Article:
The Labour Party is accusing a senior minister of being in contempt of Parliament, saying he misled the House when The Hobbit movie project was under threat of being moved overseas.

Labour MP Trevor Mallard has written to Speaker Lockwood Smith asking him to investigate Economic Development Minister Gerry Brownlee for his answers to questions at the time ministers were negotiating with Warner Bros executives.

Last year, the two movies were subjected to a boycott from several international actors' unions, including the Australian Media, Entertainment and Arts Alliance and its New Zealand affiliate, Actors' Equity.

Warner Bros eventually decided to make the two Hobbit movies in New Zealand, having secured a change to employment laws and up to $34 million in additional tax breaks.

In his letter, Mr Mallard said Mr Brownlee made statements on October 26 to the House which effectively said the boycott was the main cause of the uncertainty over The Hobbit.

But this did not square with an email from Sir Peter Jackson to Mr Brownlee's office a week earlier, which said: "There is no connection between the blacklist (and its eventual retraction), and the choice of production base for The Hobbit. What Warners requires for The Hobbit is the certainty of a stable employment environment."

Parliament's standing orders give examples of contempt, including deliberately trying to mislead the House.

"It is not plausible for Mr Brownlee to argue that he was confused or mistaken when he made these misleading statements," Mr Mallard said.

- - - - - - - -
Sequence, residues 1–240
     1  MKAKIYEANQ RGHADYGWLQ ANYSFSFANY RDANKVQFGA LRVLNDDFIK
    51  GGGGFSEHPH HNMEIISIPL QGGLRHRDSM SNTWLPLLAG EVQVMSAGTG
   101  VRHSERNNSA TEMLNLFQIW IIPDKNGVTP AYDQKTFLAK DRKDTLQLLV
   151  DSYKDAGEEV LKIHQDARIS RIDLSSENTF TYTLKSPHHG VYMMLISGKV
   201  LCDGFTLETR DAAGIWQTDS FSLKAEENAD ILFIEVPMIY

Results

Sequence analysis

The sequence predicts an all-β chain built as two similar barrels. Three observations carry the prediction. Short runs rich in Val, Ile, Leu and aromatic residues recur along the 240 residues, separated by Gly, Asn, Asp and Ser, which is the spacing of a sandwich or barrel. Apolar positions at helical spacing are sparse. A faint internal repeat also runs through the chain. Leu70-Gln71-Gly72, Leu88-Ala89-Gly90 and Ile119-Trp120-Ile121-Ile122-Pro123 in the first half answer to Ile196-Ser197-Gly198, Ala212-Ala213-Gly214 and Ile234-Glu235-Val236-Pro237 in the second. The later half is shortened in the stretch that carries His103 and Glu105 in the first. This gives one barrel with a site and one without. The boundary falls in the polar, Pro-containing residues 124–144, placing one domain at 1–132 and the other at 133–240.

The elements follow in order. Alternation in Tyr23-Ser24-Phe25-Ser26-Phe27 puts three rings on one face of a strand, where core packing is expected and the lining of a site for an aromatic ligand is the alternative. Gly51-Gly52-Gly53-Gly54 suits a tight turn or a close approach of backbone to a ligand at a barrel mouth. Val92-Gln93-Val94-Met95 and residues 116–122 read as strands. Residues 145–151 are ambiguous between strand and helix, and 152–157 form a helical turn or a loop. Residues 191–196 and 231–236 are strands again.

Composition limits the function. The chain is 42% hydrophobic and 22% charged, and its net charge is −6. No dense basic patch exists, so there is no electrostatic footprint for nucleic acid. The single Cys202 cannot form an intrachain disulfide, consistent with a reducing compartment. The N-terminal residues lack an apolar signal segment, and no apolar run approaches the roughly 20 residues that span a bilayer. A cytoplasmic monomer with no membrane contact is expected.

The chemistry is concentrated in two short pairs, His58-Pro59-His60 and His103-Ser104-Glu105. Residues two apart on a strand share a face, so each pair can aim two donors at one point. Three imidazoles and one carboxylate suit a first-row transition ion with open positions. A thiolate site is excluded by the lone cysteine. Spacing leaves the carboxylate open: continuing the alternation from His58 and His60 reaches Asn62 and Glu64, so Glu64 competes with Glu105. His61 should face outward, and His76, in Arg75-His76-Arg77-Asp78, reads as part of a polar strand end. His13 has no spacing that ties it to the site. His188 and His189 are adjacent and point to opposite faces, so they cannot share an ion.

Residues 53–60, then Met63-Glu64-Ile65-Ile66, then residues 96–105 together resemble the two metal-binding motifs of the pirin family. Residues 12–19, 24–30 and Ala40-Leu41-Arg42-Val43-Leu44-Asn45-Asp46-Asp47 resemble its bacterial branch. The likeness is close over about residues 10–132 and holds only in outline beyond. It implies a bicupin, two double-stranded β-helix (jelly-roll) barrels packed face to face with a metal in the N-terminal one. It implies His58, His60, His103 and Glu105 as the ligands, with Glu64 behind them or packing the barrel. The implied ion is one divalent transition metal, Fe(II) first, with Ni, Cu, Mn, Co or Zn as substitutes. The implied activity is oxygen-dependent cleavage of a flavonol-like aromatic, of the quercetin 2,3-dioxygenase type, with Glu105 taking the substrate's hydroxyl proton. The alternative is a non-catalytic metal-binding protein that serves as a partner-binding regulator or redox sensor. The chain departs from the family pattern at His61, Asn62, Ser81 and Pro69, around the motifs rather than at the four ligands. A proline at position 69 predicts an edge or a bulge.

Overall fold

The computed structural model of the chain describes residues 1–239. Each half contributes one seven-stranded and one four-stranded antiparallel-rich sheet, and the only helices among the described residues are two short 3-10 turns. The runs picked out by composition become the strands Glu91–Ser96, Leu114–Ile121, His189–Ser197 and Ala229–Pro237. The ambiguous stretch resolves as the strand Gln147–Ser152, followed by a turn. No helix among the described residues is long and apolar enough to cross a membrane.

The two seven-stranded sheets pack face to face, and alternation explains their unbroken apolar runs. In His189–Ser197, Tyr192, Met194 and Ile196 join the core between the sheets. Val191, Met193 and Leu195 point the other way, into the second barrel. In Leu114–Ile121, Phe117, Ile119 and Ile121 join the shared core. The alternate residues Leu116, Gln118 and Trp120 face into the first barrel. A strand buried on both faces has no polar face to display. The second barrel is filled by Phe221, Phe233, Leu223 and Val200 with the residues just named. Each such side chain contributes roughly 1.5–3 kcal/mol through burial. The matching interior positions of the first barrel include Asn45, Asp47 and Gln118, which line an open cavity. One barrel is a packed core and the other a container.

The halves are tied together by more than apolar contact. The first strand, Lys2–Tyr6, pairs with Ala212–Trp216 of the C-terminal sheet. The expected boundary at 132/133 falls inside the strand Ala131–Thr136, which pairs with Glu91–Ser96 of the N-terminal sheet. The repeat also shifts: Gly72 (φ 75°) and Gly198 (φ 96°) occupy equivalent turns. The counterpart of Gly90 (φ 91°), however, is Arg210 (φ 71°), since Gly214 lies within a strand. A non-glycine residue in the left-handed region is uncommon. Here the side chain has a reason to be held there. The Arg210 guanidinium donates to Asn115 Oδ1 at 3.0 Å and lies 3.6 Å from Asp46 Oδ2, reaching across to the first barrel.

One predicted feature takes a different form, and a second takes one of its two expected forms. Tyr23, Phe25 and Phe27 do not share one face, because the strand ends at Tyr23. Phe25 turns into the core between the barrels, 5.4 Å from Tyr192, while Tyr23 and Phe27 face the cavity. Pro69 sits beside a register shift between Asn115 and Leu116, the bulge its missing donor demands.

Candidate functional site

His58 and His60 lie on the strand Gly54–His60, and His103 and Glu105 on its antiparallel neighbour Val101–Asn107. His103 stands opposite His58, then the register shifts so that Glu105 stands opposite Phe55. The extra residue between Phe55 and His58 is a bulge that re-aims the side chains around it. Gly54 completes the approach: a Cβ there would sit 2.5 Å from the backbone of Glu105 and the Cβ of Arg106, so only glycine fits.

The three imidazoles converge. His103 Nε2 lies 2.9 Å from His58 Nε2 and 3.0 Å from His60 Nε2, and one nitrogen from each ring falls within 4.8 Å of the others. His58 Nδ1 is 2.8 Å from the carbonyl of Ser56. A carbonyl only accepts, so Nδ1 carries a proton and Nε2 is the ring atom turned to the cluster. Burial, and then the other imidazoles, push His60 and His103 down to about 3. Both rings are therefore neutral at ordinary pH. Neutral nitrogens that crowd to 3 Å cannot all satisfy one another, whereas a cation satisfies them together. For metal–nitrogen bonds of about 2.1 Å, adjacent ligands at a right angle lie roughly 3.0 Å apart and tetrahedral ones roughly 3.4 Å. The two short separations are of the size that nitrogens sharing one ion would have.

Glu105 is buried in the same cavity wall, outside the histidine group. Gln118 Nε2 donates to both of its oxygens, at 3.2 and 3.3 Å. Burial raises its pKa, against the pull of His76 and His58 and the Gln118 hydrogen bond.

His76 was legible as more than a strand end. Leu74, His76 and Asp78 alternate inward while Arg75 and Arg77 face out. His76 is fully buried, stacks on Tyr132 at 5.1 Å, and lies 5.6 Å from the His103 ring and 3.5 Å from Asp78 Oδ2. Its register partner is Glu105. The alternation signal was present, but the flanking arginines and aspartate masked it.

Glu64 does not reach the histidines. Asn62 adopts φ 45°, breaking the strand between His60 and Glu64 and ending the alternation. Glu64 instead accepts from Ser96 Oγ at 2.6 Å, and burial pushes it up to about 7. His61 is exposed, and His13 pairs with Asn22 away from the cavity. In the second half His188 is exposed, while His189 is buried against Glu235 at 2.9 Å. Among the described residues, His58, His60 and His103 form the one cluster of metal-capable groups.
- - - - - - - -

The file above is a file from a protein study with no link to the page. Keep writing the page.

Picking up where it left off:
"We now know that he had received unequivocal advice from Sir Peter Jackson that the reason for Warner Brothers reconsidering the filming location for The Hobbit had nothing to do with the action of the unions.

"The only credible explanation for these statements is that they were designed to deliberately mislead."

He asked Dr Smith to refer the matter to the privileges committee.

Sir Peter has said there is no contradiction between his email and his earlier statements that the boycott was "endangering thousands of New Zealand jobs and hundreds of millions of dollars of foreign income".

He said last month: "This is why Warner Bros lost all confidence in filming in New Zealand - because they had just witnessed how a tiny and capricious union, manipulated by an offshore agency, could bring a multimillion [dollar] production to its knees - for no legitimate reason."

The apparent inconsistency in Sir Peter's positions has been used to push the claim that Warner Bros and Sir Peter used the situation to lean on the Government and extract a law change and extra cash, even though the boycott had been lifted and unions had promised no more industrial action.

Sir Peter and a spokesman for Mr Brownlee have both said the Government did what was necessary to secure the films for New Zealand.